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Mark Naylor18:01:54

Are there any 𝘨𝘰𝘰𝘥 materials/tutorials for Clojure testing? The few I've found from web searches are extremely basic.


@mark.naylor.1701 What have you found so far that is too basic? What books have you read that include testing advice? (so I have a sense of where you're at right now)

Mark Naylor18:01:15

@seancorfield Mostly I've seen a couple sites that touch briefly on deftest and the is macro from clojure.test. Maybe some best practices. Should a module have a lot of small deftests or larger ones that touch multiple conditions. I would also like to see more setup examples both the :once and :each variety. I will admit that I grasp some of the abstract ideas of testing and am short on practical experience. That comes from being stuck doing database work for too long and being excluded from an organized development team. I'm trying the get a solid understanding of testing through self study. Going to see what Clojure Programming has to say on the subject.


(Unit) testing doesn't get as much coverage in the Clojure world as perhaps other languages, partly because there's a focus on the REPL and evaluating all your code as you build it, and keeping code simple -- so it's been "tested" and is (mostly) easily determined to be correct by inspection. But I think TDD is still worthwhile with Clojure, where you have a well-specified problem statement and can easily write tests prior to writing the code that satisfies them.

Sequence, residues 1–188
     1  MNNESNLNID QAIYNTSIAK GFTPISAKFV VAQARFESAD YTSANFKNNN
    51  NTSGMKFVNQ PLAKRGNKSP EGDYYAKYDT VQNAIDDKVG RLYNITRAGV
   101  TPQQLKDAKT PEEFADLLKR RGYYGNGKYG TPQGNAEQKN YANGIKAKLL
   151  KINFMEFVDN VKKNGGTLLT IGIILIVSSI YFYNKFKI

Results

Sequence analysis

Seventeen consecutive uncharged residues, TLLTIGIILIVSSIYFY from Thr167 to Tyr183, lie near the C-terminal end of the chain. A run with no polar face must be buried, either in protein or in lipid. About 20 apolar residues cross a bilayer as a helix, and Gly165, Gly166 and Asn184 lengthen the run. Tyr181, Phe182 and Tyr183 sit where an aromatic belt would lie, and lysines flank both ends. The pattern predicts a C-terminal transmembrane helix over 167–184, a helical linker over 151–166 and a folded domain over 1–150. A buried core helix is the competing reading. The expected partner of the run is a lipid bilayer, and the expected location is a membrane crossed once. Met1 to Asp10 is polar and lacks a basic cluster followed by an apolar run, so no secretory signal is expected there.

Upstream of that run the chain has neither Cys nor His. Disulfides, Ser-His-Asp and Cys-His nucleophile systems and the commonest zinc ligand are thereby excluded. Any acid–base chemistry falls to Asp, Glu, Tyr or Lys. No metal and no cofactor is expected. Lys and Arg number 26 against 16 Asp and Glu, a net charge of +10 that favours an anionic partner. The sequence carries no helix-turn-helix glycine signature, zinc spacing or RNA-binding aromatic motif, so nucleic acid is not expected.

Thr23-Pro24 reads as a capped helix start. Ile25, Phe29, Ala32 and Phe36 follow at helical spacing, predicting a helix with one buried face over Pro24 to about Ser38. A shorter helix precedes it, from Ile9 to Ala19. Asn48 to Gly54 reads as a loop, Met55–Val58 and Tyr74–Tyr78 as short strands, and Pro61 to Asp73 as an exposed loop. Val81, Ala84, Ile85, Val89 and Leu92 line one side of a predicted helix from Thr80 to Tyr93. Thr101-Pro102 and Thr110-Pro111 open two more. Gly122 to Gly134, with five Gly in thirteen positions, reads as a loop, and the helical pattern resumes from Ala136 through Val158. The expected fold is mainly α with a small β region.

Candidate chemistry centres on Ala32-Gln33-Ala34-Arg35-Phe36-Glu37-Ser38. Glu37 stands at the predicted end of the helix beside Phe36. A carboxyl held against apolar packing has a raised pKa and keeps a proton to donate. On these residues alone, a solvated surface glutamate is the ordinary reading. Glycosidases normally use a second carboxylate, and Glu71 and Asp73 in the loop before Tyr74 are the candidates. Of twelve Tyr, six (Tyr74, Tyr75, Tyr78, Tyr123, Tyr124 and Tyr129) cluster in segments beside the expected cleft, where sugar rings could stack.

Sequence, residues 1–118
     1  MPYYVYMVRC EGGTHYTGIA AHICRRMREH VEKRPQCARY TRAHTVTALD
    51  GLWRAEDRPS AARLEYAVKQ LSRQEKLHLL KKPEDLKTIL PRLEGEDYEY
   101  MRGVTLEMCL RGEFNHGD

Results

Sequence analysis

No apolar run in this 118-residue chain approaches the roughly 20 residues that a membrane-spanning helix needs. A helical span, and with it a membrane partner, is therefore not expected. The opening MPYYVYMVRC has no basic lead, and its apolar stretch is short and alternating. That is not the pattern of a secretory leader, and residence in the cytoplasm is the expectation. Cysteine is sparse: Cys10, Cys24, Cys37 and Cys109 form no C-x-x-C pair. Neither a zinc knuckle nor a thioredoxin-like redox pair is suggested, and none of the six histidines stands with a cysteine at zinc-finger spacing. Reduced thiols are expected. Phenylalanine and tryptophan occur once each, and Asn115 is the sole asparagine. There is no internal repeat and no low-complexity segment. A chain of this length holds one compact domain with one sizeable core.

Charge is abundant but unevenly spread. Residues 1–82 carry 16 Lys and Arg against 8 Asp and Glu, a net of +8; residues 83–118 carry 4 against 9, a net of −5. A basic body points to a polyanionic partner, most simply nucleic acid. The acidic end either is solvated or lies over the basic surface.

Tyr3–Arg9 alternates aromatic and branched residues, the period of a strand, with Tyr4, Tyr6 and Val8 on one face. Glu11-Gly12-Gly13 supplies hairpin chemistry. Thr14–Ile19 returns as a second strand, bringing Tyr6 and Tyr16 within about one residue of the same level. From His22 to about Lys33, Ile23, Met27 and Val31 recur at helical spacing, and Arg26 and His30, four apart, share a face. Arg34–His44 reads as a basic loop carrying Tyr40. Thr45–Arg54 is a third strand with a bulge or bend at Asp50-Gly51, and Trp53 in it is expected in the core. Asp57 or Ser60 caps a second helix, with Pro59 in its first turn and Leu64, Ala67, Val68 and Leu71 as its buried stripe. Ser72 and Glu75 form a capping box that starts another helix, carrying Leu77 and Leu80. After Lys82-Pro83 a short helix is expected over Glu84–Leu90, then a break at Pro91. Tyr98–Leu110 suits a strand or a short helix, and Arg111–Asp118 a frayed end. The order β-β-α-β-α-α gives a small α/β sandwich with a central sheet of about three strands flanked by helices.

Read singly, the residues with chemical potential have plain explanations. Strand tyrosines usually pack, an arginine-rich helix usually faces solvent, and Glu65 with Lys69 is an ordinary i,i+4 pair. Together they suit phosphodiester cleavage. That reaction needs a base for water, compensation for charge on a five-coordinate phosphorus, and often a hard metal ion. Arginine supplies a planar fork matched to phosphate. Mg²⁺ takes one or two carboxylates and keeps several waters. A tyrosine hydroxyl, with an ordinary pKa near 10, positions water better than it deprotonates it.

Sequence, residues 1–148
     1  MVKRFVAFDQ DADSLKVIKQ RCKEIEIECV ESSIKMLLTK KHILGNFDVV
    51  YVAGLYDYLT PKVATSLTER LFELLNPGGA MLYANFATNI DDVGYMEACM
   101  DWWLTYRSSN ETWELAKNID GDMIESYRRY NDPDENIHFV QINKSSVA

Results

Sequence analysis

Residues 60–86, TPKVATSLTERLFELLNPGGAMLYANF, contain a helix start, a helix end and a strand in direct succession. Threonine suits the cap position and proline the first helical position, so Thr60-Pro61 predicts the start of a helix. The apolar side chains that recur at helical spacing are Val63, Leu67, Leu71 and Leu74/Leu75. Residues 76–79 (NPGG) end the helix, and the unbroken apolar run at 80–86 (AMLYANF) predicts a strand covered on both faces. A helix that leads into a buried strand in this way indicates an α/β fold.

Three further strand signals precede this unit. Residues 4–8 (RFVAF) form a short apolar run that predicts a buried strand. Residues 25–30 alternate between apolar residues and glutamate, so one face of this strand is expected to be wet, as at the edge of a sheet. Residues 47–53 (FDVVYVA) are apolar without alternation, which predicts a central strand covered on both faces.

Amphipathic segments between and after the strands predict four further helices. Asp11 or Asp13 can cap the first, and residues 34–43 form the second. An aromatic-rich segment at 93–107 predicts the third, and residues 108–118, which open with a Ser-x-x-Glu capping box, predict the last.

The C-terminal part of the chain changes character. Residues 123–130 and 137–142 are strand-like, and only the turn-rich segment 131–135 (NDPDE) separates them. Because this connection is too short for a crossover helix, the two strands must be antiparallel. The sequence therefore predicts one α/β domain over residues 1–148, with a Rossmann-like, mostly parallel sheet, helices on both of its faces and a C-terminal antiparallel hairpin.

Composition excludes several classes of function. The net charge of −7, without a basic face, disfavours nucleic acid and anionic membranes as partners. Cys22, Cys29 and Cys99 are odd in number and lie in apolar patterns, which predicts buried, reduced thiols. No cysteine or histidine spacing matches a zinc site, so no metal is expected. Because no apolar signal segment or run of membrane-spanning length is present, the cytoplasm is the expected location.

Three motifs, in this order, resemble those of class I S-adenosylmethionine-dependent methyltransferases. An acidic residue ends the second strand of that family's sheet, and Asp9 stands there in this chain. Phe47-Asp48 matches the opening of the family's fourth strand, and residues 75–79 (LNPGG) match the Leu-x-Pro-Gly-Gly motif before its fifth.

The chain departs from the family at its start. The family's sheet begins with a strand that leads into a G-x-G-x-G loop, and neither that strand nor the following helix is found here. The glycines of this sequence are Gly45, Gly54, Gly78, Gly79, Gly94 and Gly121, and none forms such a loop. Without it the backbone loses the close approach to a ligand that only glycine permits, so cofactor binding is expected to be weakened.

Clojure also has some unique test abilities via Spec and test.check: Spec lets you describe expected data, expected function arguments, and expected function behavior and all that can be leveraged via tests. See for some insight into how we leverage Spec at work. Automatic generation of test data and generative testing of behavior are pretty game-changing, compared to testing in (most) other languages.


I think Eric Normand's (three) courses on about "Property-Based Testing with test.check" are worth a monthly subscription ($49/month for as long as it takes you to get through everything you need -- the "REPL-Driven Development" course is also awesome and everyone should take that course too!).


The Joy of Clojure (2nd Ed) has sections on simulation testing, generative testing, and unit testing, but it predates Clojure Spec. (Clojure Programming also predates Spec)


Programming Clojure (3rd Ed) has a whole chapter on Spec and using it for testing, but doesn't have anything about "plain ol' testing" (without Spec).


Getting Clojure has a whole chapter on testing -- and another whole chapter on Clojure Spec. (I'm going through my bookshelf, seeing what's in each of the Clojure books I own)


Clojure Applied has a short chapter on testing (I expected it to have more on the subject, since it's much more focused on the practical aspects of building production Clojure).